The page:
Special Issue "Colloid and Pathogen Transport in Groundwater"

A special issue of Water (ISSN 2073-4441). This special issue belongs to the section "Hydrology".

Deadline for manuscript submissions: closed (31 May 2020) | Viewed by 9865

Special Issue Editors

Dr. Dengjun Wang
E-Mail Website
Guest Editor
National Research Council Resident Research Associate at the United States Environmental Protection Agency
Interests: fate and transport of nanoparticles and nanohybrids; environmental applications of nanohybrids; sources and biogeochemical cycling of phosphorus in watersheds; mathematical modelling
Dr. Verónica L. Morales
E-Mail Website
Guest Editor
Dept. Civil and Environmental Engineering, University of California at Davis, USA
Interests: physico-chemical processes, colloid fate and transport, contaminant hydrology, pore-scale processes, pore network structure, inverse modeling, stochastic groundwater modeling
Dr. Lei Wu
E-Mail Website
Guest Editor
Dept. Civil Engineering, Ohio University, USA
Interests: colloid science; in-situ microscopy and image analysis; contaminant hydrology; environmental implications of nanotechnology

Special Issue Information

Dear Colleagues,

For the past three decades, suspended colloids (of which nanomaterials are a subset) and pathogens in subsurface environments have been linked to groundwater contamination. It is known that the persistence, dispersal, long-term transport, and the fate of colloids/pathogens are dependent on regional and local geology and hydrology, electrochemical properties of the colloid/pathogen and the soil, the chemistry of the groundwater, land use and management, and the distribution of potential sources of colloids/pathogens. All these factors considered together, in turn, make it exceptionally challenging to accurately predict colloid and pathogen transport in real groundwater systems. This Special Issue calls critical attention to studies that further our understanding of this multidimensional problem. Major areas of interests include, but are not limited to, the following: (1) the characterization of the interactions of colloids/pathogens with surrounding environmental media; (2) the development of predictive tools based on the fundamental behavior of colloids/pathogens with environmental matrices to advance cost-effective solutions to colloid-related contamination problems; and (3) field and laboratory experimental observations, simulation approaches, and new theories that close the knowledge gap between theoretical findings and practical applications.

Dr. Verónica L. Morales
Dr. Lei Wu
Dr. Dengjun Wang
Guest Editors

Manuscript Submission Information

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Keywords

  • colloid and pathogen sources or removal processes
  • interactions with subsurface interfaces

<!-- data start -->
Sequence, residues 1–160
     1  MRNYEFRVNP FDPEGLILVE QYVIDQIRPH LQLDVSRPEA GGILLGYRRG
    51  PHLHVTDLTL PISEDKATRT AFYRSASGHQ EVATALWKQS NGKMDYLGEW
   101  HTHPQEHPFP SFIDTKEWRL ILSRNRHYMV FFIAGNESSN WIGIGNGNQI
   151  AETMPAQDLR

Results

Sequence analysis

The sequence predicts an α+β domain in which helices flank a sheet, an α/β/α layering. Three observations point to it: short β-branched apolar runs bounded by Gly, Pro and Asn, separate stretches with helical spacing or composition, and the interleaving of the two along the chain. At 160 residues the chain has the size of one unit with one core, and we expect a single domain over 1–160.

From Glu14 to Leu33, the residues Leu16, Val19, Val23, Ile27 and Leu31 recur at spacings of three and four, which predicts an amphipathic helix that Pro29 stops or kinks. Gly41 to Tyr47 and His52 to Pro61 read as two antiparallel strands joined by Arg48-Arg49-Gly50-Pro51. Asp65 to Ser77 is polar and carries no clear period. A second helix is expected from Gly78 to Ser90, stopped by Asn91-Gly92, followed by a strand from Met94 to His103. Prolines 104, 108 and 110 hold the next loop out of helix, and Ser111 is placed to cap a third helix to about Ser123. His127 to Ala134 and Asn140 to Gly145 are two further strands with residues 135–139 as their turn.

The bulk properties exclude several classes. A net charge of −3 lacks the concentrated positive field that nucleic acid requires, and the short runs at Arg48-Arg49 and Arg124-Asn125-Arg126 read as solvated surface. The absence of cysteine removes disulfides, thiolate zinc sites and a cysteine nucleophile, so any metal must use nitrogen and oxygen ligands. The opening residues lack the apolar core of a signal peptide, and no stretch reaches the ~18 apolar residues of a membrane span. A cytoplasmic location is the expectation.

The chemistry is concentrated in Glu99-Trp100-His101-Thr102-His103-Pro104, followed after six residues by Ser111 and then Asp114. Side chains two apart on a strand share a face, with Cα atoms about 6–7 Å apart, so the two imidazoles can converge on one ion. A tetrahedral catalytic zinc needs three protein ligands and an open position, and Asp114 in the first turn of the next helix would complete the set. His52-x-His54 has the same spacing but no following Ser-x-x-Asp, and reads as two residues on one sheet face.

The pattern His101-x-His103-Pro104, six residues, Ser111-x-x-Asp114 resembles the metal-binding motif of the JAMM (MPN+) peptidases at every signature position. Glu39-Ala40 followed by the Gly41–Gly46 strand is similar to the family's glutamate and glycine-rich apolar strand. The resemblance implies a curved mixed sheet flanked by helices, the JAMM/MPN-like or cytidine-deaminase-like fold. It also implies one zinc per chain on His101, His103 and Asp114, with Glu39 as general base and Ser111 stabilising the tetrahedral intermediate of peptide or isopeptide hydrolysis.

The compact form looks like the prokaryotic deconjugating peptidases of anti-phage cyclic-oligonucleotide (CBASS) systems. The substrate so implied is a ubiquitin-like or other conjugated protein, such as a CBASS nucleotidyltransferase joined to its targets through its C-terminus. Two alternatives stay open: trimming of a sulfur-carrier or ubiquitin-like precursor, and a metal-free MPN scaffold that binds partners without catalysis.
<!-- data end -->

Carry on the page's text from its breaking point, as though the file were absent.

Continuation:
• interactions with emerging contaminants (e.g., PFAS and micro/nanoplastics)
  • transport, deposition, and mobilization
  • colloid-facilitated transport
  • homo-/hetero-aggregation
  • coupled effects from physical, chemical, and hydrodynamic factors
  • survival, growth, death/inactivation, and degradation
  • alternative model formulations
  • upscaling: interface, pore, and continuum
  • risk assessment and public health

Published Papers (4 papers)

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Research

Article
Precipitant Effects on Aggregates Structure of Asphaltene and Their Implications for Groundwater Remediation
Water 2020, 12(8), 2116; https://doi.org/10.3390/w12082116 - 25 Jul 2020
Cited by 2 | Viewed by 1589
Abstract
Asphaltenes generally aggregate, then precipitate and deposit on the surfaces of environmental media (soil, sediment, aquifer, and aquitard). Previous studies have recognized the importance of asphaltene aggregates on the wettability of aquifer systems, which has long been regarded as a limiting factor that [...] Read more.
Asphaltenes generally aggregate, then precipitate and deposit on the surfaces of environmental media (soil, sediment, aquifer, and aquitard). Previous studies have recognized the importance of asphaltene aggregates on the wettability of aquifer systems, which has long been regarded as a limiting factor that determines the feasibility and remediation efficiency of sites contaminated by heavy oils. However, the mechanisms/factors associated with precipitant effects on asphaltene aggregates structure, and how the precipitant effects influence the wettability of surfaces remain largely unknown. Here, we observe the particle-by-particle growth of asphaltene aggregates formed at different precipitant concentrations. Our results show that aggregates for all precipitant concentrations are highly polydisperse with self-similar structures. A higher precipitant concentration leads to a more compacted aggregates structure, while precipitant concentration near to onset point results in a less compact structure. The well-known Smoluchowski model is inadequate to describe the structural evolutions of asphaltene aggregates, even for aggregation scenarios induced by a precipitant concentration at the onset point where the Smoluchowski model is expected to explain the aggregate size distribution. It is suggested that aggregates with relative high fractal dimensions observed at high precipitant concentrations can be used to explain the relatively low Stokes settling velocities observed for large asphaltene aggregates. In addition, asphaltene aggregates with high fractal dimensions are likely to have high density of nanoscale roughness which could enhance the hydrophobicity of interfaces when they deposit on the sand surface. Findings obtained from this study advance our current understandings on the fate and transport of heavy oil contaminants in the subsurface environment, which will have important implications for designing and implementing more effective and efficient remediation technologies for contaminated sites. Full article
(This article belongs to the Special Issue Colloid and Pathogen Transport in Groundwater)
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Article
Sedimentation and Transport of Different Soil Colloids: Effects of Goethite and Humic Acid
Water 2020, 12(4), 980; https://doi.org/10.3390/w12040980 - 30 Mar 2020
Cited by 13 | Viewed by 2317
Abstract
Soil colloids significantly facilitate the transport of contaminants; however, little is known about the effects of highly reactive iron oxide and the most representative organic matter on the transport of soil colloids with different physicochemical properties. This study investigated the effects of goethite [...] Read more.